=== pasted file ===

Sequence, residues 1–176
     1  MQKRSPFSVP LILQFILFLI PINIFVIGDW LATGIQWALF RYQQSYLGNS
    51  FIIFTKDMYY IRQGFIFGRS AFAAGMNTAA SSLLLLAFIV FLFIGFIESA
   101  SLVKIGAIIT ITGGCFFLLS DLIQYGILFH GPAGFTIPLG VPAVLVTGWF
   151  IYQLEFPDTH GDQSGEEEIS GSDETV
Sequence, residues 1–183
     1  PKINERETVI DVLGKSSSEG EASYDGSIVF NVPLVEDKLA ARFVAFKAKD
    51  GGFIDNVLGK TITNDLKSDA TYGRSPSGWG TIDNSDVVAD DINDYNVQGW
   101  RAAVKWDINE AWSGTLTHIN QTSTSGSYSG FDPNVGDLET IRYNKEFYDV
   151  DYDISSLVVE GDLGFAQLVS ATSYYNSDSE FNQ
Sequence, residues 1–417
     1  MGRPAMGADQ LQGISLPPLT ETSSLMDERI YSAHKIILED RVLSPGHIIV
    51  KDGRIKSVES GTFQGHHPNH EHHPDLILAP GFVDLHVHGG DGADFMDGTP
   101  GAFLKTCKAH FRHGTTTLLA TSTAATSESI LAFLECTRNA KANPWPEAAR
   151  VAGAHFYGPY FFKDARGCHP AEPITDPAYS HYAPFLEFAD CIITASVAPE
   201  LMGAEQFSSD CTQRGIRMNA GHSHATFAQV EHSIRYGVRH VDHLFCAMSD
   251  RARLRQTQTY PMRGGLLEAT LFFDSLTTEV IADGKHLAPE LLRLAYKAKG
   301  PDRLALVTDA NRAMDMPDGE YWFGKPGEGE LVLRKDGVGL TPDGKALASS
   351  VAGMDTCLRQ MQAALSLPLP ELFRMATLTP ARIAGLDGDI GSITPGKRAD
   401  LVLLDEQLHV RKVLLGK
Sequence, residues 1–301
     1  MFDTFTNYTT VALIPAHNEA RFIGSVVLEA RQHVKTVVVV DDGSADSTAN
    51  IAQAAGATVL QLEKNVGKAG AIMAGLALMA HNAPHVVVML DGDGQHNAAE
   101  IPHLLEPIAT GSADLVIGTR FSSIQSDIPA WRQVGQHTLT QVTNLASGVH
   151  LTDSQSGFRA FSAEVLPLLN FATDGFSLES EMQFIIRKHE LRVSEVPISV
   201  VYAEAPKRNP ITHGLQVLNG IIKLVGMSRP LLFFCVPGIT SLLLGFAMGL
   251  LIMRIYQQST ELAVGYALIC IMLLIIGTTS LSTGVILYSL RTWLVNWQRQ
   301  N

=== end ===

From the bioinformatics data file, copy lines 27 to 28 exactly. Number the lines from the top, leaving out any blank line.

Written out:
   251  LIMRIYQQST ELAVGYALIC IMLLIIGTTS LSTGVILYSL RTWLVNWQRQ
   301  N